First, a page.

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Tuesday, 24 November, 1998, 16:25 GMT
Teenagers suffering from brittle bone disease
Milk is one of the best sources of calcium
Teenage girls with a history of eating disorders have developed the bone-wasting disease osteoporosis, according to the National Osteoporosis Society.

The society says it has heard of a number of cases of girls in their teens who have got over anorexia only to find the illness has taken its toll on their bones.

Osteoporosis, which leads to bone fractures, is caused by lack of calcium, regular exercise and vitamin D.

Experts predict the number of hip fractures in Europe will more than double in the next 50 years as people live longer.

One in eight Europeans over 50 is expected to suffer from osteoporosis.

A government-commissioned report on nutrition and bone health, published on Tuesday, recommends several ways for the public, health workers and the government to improve bone health.


The main recommendations of the report of the Committee on Medical Aspects (COMA) of Food and Nutrition are:

  • People should adopt a healthy lifestyle to maintain bone health;
  • People get an adequate calcium intake;
  • All ages be encouraged to exercise regularly;
  • All ages be encouraged to maintain a healthy body weight;
  • Flour continue to be fortified with calcium and that margarine be fortified with vitamin D;
  • Public and health workers are better informed about the importance of avoiding vitamin D deficiency, including by the use of vitamin supplements for those most at risk.

Elderly focus

Public health minister Tessa Jowell said: "One of the groups at risk of vitamin D deficiency is older people, particularly those in residential homes.

"Improving the health of older people is a priority for the government."

Elderly people need nutritious food for healthy bones
She said the Health Education Authority would be particularly targeting the elderly and baseline standards being developed for care in residential homes would include nutrition.

The government is also working on guidelines for "appropriate nutrition" for older people.

Age Concern said it welcomed the focus on nutrition and residential care.

"All too often this group is omitted from government health targets," said a spokeswoman.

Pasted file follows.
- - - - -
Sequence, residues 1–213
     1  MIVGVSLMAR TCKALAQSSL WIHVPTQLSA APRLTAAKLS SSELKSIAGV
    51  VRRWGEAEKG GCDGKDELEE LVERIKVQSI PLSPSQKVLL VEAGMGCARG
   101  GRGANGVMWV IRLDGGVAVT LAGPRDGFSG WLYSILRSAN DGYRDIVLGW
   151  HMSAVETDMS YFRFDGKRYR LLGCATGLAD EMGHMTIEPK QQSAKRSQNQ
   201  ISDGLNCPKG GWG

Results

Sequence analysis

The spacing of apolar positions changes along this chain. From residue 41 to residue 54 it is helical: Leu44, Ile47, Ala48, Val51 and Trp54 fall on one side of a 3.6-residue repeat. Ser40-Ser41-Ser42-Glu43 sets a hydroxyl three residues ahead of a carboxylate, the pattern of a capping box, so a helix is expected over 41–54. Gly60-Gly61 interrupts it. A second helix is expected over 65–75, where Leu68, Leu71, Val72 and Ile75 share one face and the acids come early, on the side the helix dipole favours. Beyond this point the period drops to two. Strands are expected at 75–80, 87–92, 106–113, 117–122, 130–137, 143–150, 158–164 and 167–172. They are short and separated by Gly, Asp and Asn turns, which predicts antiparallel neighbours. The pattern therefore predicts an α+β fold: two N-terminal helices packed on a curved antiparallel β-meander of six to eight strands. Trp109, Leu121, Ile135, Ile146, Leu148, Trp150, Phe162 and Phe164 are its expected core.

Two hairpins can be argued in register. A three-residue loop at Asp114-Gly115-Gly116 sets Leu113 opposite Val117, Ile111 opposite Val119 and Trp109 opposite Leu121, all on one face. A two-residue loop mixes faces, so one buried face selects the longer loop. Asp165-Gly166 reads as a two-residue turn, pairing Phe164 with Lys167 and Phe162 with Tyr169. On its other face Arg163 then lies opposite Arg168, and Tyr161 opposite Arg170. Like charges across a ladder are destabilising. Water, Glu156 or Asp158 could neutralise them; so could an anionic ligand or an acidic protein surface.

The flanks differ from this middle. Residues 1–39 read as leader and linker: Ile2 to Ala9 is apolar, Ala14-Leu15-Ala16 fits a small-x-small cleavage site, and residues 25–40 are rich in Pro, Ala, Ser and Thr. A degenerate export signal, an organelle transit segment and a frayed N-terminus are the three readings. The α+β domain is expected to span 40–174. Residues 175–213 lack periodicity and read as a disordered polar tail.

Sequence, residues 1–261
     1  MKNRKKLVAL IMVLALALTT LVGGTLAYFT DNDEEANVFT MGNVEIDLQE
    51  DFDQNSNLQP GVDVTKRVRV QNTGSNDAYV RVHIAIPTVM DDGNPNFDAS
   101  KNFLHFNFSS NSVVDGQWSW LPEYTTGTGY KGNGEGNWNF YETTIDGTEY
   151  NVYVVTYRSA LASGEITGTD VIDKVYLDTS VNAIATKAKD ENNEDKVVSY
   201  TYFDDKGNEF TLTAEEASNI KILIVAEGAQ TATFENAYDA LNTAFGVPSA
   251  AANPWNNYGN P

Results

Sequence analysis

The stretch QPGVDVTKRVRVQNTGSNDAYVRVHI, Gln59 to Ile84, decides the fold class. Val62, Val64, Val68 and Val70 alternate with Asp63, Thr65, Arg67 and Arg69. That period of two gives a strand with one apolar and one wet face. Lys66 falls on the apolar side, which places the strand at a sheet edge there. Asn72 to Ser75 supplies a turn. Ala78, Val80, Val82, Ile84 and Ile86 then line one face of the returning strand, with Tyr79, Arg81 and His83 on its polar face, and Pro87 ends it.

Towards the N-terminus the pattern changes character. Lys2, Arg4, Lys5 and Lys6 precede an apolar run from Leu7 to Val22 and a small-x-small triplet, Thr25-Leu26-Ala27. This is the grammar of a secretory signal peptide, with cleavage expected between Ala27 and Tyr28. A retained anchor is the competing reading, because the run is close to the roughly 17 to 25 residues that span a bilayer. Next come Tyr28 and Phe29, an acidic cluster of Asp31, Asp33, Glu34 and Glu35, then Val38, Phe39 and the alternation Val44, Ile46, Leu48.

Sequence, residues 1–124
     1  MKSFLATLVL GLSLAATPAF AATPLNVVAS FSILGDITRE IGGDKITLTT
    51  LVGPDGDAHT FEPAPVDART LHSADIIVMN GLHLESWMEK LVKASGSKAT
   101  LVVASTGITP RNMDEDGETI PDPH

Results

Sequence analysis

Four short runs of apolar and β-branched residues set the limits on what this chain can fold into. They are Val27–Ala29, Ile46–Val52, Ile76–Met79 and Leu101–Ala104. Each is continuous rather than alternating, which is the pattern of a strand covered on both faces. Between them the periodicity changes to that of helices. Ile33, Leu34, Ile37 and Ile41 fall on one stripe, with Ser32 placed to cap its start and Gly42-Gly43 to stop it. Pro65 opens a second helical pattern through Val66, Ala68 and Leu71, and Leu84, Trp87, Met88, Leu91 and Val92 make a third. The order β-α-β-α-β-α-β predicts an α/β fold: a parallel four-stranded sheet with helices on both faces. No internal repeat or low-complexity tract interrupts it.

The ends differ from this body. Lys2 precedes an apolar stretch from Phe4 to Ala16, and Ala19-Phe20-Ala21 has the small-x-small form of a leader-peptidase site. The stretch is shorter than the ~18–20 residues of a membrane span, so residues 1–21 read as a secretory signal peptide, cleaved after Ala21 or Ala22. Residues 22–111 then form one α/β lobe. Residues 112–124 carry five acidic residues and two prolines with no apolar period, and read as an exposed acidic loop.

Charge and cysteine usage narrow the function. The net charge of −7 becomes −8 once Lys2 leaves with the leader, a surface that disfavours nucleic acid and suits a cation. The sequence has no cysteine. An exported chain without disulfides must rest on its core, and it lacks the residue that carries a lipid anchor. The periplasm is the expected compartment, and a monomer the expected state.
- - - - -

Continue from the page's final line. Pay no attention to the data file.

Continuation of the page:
"Older people's health and wellbeing can be improved not only by offering them nutritious meals, but by making sure meals are appetising, enjoyable and meet their cultural and social needs."


The National Osteoporosis Society (NOS) also welcomed the targeting of older people, but said it was disappointed that the government had not advocated higher levels of calcium and vitamin D.

It wants a national recommended daily level of 1,000 milligrams and higher levels for pregnant women and women who have gone through the menopause.

The current recommended level is 800 mgs.

Caroline Chisholm of the society said studies had shown that supplements could reduce hip fractures by a third.

Every year there are around 70,000 hip fractures in the UK.

"It is never too late to take more calcium and vitamin D," said Ms Chisholm.

The NOS said it was generally pleased with the COMA report, but added that increased daily recommended levels would show the government was really committed to improving bone health.


Ms Chisholm said young girls and teenagers were the most deficient in calcium and vitamin D.

This was because they were so worried about their weight. They tended, for example, to cut out dairy products because they considered them fatty, she said.

However, low fat products had the same calcium content and sometimes higher levels.

"Milk is a high source of calcium and girls often find it difficult to make up the amount through other food," said Ms Chisholm.

The most important time to ensure calcium and vitamin D levels are adequate is while the bones are being formed.

The NOS has heard of several teenage girls who already have osteoporosis because they had eating disorders.

But it said diet and exercise could protect people from osteoporosis throughout their life.

"It's the kind of news people don't want to hear about having a sensible diet and taking regular exercise," said Caroline Chisholm. "It's a commitment for life."

See also:

21 Sep 98 | Health
A baffling bone problem
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